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Title: Development of lateralised circuitry in the zebrafish brain
Author: Bianco, Isaac Henry
ISNI:       0000 0004 2669 3095
Awarding Body: University of London
Current Institution: University College London (University of London)
Date of Award: 2008
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Left-right asymmetry is a highly conserved feature of the nervous system. However, it is not known how functional lateralisation is represented at the level of lateral differences in circuit microarchitecture. In this study, I identify asymmetric neuronal connectivity in the larval zebrafish brain, resolve L-R differences in the morphology and connectivity of individual projection neurons and investigate the molecular and cellular mechanisms by which lateralisation develops. The habenular nuclei form part of the highly conserved dorsal dien cephalic conduction system. I find that the habenulae display laterotopic ef ferent connectivity, wherein left and right-sided axons are segregated along the dorso-ventral axis of their target, the interpeduncular nucleus (IPN). Habenular neurons elaborate remarkable "spiralling" terminal arbors within the IPN. I have identified two sub-types of habenular neuron, defined by ax onal arbors with distinct morphology and targeting. Both sub-types are found in both the left and right habenula, but in substantially different ratios. Thus, the vast majority of left habenular neurons elaborate tall, crown-shaped arbors localised to the dorsal IPN, whereas almost all right- sided cells form flattened arbors restricted to the ventral IPN. This left- right asymmetry in cell-type composition, combined with the differential targeting of neuronal sub-types, underlies the laterotopic connectivity of the habenulae. This reveals a fundamental strategy that serves to differentiate functional circuitry on the two sides of the CNS: equivalent components are specified on both sides and lateralisation results from differences in the ratios of neuronal sub-types on the left and right. Left-sided Nodal signalling is essential for controlling the orientation, or laterality, of laterotopic connectivity, but is not required for asymmetry per se. The left-sided parapineal nucleus is required for the development of normal asymmetric phenotypes, including the development of both left and right-sided axon arbors with appropriate morphology and targeting. How ever, following laser-ablation of the parapineal, left and right-sided neurons continue to elaborate arbors with distinct lateralised morphologies, indicating that additional developmental mechanisms act to convey left-right identity information to this highly conserved circuit.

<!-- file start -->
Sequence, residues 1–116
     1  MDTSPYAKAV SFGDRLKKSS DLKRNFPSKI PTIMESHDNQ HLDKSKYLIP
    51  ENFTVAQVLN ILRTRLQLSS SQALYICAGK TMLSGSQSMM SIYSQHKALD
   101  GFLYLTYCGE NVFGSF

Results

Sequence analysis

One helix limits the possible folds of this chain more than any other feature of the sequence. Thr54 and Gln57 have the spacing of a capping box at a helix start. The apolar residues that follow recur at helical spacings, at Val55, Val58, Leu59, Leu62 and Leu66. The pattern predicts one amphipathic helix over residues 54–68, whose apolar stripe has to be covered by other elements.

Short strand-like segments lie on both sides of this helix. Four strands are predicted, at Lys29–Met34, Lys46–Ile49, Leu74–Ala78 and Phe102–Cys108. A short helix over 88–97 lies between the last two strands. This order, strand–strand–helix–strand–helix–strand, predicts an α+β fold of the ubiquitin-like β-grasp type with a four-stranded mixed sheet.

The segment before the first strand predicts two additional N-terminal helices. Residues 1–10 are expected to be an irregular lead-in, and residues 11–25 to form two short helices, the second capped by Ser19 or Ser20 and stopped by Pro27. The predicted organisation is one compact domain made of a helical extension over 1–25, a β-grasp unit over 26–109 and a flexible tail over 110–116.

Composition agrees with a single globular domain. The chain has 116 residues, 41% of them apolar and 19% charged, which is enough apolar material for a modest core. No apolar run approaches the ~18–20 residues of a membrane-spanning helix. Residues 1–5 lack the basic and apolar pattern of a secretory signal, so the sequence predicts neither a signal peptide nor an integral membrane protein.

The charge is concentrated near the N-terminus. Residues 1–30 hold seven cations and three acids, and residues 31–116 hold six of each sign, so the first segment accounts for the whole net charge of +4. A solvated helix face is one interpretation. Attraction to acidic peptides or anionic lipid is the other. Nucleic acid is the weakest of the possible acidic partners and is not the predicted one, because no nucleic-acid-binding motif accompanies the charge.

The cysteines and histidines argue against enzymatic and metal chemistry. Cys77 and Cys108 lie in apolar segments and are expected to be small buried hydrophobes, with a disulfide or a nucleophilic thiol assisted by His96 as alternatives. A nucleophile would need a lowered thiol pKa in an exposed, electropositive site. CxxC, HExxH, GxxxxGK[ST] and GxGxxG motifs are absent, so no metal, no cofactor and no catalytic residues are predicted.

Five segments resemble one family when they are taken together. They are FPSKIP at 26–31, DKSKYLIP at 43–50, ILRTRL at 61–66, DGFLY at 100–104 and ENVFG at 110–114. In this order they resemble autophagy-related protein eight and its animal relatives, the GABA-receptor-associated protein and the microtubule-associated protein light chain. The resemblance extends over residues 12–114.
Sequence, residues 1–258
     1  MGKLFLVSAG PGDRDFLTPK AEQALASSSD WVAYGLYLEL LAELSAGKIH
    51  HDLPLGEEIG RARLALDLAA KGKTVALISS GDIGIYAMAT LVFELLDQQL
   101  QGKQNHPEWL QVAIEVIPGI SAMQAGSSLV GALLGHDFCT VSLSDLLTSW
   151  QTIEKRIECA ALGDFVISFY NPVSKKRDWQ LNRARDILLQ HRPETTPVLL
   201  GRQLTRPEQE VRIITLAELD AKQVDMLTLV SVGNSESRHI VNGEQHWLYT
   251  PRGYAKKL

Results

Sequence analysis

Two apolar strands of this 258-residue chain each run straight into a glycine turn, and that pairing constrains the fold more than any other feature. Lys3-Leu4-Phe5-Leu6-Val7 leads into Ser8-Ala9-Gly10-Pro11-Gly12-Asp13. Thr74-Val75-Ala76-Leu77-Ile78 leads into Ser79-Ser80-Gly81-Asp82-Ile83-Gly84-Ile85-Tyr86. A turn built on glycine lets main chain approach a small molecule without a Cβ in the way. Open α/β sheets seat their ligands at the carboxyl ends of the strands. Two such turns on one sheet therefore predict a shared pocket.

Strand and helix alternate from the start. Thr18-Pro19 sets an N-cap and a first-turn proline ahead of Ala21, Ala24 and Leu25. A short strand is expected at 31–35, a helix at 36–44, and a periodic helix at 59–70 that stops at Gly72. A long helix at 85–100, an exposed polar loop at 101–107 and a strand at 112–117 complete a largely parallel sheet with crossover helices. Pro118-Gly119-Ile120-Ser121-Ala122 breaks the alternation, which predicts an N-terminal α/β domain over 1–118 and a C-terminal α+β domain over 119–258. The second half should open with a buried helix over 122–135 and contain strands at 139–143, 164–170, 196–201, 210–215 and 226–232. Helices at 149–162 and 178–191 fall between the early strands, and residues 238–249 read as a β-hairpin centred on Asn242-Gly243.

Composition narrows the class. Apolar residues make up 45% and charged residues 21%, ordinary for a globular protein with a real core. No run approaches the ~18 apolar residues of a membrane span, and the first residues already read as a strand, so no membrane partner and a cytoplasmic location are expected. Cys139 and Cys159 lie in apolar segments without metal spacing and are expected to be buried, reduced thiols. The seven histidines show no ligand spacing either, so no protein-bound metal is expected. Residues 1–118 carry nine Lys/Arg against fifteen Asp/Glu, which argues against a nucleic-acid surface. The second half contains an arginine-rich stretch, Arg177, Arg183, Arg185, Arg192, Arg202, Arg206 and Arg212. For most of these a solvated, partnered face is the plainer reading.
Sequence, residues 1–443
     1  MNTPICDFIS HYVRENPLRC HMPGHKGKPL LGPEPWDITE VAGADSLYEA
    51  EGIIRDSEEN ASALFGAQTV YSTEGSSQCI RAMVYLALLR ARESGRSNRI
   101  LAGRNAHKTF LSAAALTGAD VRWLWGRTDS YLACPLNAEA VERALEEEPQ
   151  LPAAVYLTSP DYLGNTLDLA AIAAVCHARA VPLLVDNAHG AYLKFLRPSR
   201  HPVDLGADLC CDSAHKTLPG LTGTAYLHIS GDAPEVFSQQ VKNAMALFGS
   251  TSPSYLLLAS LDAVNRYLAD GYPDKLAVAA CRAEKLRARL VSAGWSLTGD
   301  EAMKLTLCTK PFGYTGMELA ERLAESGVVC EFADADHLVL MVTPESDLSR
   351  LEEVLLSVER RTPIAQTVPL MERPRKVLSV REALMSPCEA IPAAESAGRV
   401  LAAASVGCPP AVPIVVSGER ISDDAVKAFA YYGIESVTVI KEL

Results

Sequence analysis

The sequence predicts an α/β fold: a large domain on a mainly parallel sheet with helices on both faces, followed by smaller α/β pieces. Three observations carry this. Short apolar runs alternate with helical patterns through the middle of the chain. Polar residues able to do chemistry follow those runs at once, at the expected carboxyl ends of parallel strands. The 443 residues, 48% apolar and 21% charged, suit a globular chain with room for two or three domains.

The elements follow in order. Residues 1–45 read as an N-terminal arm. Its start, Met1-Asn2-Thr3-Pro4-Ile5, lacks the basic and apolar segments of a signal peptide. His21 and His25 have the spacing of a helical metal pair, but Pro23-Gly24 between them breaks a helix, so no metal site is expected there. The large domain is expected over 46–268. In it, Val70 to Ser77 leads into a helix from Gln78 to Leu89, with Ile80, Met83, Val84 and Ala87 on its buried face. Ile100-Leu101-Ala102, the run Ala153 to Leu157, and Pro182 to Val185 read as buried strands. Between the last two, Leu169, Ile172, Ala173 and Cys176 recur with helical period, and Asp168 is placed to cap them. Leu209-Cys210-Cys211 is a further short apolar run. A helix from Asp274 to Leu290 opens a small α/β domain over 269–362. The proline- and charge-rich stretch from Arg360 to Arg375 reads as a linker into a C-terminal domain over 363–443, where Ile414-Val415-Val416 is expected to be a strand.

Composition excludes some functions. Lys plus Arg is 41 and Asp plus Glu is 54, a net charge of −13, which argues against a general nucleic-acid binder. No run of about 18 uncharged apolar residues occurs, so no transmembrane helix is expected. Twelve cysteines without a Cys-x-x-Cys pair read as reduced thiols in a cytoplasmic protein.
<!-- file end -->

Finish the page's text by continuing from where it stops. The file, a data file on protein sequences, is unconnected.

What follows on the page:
Supervisor: Not available Sponsor: Not available
Qualification Name: Thesis (Ph.D.) Qualification Level: Doctoral
EThOS ID:  DOI: Not available